Candice Turner, a Ball state alumna and a resident of Muncie, sells logs with shiitake mushrooms growing out of them at the Makers Market. DN PHOTO PATRICK CALVERT
New 'Makers Market' to bring fresh produce, art downtown
For the first time, Muncie residents can go to the Muncie Makers Market, a new event hosted on Saturdays from 4 to 7 p.m. in the Old West End in downtown Muncie.
The market is similar to a farmer's market, but it also includes handmade arts and crafts in addition to fresh food, locally grown produce, plants, flowers and baked goods.
Moth Danner is the "Market Master" and creator of the event. She said she got the idea after vending for the Hartford City Growers and Makers Market with her mother.
The Makers Market is open every Saturday from 4 p.m. to 7 p.m. from June to October in the parking lot of the Friends Memorial Church in the Old West End neighborhood.
“We go every Saturday morning to sell our breads and sweets there,” Danner said. “We really enjoy the atmosphere. We enjoy it so much that I copied my experience there and have created the Muncie Makers Market.”
Danner plans to host the market from June through October and to make this an annual event.
She said she wants to focus on improving areas known as "food deserts," a term meaning a community that is mostly without fresh fruit, vegetables and other healthful whole foods, according to the United States Department of Agriculture.
This may be due to a lack of grocery stores, farmer's markets and healthy food providers, which is why Danner chose downtown as her location.
"There is no grocery store anywhere near here," Danner said. "People need a place to get food, especially fresh food. Many people don’t have cars, so it’s hard to go grocery shopping. So we are hoping to create something [where you can] buy your produce every week."
As the Market Master, Danner is in charge of finding vendors. However, she knows a lot of artists and makers because she’s also the director of the Muncie YART, a local "yard sale for art." Because of this, she said there hasn’t been any trouble finding people to sell.
“I do work with people’s schedules — if any vendor has to miss a date, I have backups,” Danner said. “I’ve got more vendors asking to sell than I will have room for.”
The event first started on June 11, and so far the market is growing from week to week. As more harvests come in, Danner said she expects more produce vendors to participate.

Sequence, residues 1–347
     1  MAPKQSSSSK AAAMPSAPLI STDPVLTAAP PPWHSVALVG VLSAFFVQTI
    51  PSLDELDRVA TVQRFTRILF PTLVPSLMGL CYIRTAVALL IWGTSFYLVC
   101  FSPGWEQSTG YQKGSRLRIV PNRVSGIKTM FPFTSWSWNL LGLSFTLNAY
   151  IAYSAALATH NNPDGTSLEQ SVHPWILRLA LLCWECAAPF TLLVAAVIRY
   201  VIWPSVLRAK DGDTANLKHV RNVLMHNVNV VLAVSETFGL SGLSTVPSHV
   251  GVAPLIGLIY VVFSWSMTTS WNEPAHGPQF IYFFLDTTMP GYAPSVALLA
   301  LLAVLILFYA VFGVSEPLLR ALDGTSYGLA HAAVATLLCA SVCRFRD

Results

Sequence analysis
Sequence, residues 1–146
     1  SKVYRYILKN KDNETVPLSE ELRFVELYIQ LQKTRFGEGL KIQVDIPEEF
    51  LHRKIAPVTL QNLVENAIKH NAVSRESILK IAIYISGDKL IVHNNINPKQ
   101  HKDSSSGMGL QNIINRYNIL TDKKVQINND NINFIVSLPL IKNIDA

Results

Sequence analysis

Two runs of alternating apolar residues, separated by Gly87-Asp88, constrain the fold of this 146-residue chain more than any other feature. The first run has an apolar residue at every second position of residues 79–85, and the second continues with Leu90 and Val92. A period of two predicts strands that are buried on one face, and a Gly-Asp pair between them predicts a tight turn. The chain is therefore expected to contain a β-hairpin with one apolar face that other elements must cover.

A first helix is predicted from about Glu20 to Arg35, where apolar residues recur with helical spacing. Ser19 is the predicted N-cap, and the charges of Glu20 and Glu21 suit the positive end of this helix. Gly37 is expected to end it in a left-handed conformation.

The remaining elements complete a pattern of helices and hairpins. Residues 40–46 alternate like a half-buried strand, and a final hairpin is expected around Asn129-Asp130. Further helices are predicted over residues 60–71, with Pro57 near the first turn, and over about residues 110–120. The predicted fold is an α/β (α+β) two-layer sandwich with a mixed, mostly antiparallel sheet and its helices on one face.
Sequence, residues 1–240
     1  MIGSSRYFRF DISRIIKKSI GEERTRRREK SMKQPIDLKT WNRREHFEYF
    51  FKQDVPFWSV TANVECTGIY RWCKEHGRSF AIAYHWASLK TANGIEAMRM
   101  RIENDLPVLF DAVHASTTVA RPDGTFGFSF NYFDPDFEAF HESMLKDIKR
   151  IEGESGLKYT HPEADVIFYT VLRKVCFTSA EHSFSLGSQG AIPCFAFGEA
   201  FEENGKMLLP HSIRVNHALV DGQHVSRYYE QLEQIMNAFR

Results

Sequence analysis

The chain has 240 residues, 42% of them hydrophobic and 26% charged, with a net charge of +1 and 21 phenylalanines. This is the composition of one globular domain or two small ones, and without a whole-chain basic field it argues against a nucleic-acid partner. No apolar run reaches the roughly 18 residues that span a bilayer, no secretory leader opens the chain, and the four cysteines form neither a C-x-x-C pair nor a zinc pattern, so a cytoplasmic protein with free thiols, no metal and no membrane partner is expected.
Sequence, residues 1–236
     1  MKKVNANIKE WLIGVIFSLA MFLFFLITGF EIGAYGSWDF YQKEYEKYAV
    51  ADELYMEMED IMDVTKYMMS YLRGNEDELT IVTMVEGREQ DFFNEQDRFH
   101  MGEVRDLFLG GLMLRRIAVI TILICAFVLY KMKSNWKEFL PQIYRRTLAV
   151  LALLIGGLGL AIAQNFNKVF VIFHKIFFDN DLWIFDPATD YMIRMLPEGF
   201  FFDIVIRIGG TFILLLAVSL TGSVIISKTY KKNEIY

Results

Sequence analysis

She hopes more young people come to the market in the future, though she has had many come already.
“They have fun knowing the city has so much cool stuff to offer,” Danner said. “I think students would love the market; [there’s] lots going on.”
Dona Monfroy-Davis, a Muncie resident, was selling sculptures of dragons, griffons and other creatures made out of plastic clay at the market June 25.
The Muncie sculptor said the community has really enjoyed her work but it’s hard to get a sale.
“Generally most people will be like, ‘Oh, that’s really cute’ and then walk away, and I was kind of expecting that," she said. "People tend to see the stuff I make as being more expensive, but they don’t exactly know the process and materials that go into it.”
Even though Monfroy-Davis has had trouble selling her creations, she said she still enjoys getting feedback from Muncie residents.
“People really like my stuff, and just getting that positive feedback makes me want to come back every time," she said. "I know just being here at this event will help it grow and help more people see that it’s a viable place to sell food, plants and art.”
She said she also likes being part of the market because it encourages people to shop locally.
“Basically the more you shop locally, more money stays in the community and goes toward helping the community grow and generally enriching the area around you,” she said. “So, basically, by shopping locally you are helping support your community without having to do a whole lot. It’s just a simple way to show that you care about your community.”
Candice Turner, a Ball state alumna and a resident of Muncie, was selling logs with shiitake mushrooms growing out of them.
“I think people are attracted to it just because it’s different," she said. "They have never seen anything like this and they wonder, ‘What is this log?’”
She said about half the people who came by her booth purchased a log. Turner also plans to sell fresh produce in three weeks to a month.
Leon Crosby, a resident from Muncie and an art teacher at Cornerstone Center for the Arts, sold art at the Makers Marker and said he thought the event was good for the community.
“We wanted to get out in the community and show everybody that there are still people who still want to make Muncie beautiful again,” he said.
Crosby said he thought the market was well-received by local residents.
“People are coming out checking it out; it’s inspiring people to come be part of the arts and talk to the artists," Crosby said. "It’s cool to see a neighborhood of people come and check your stuff out.”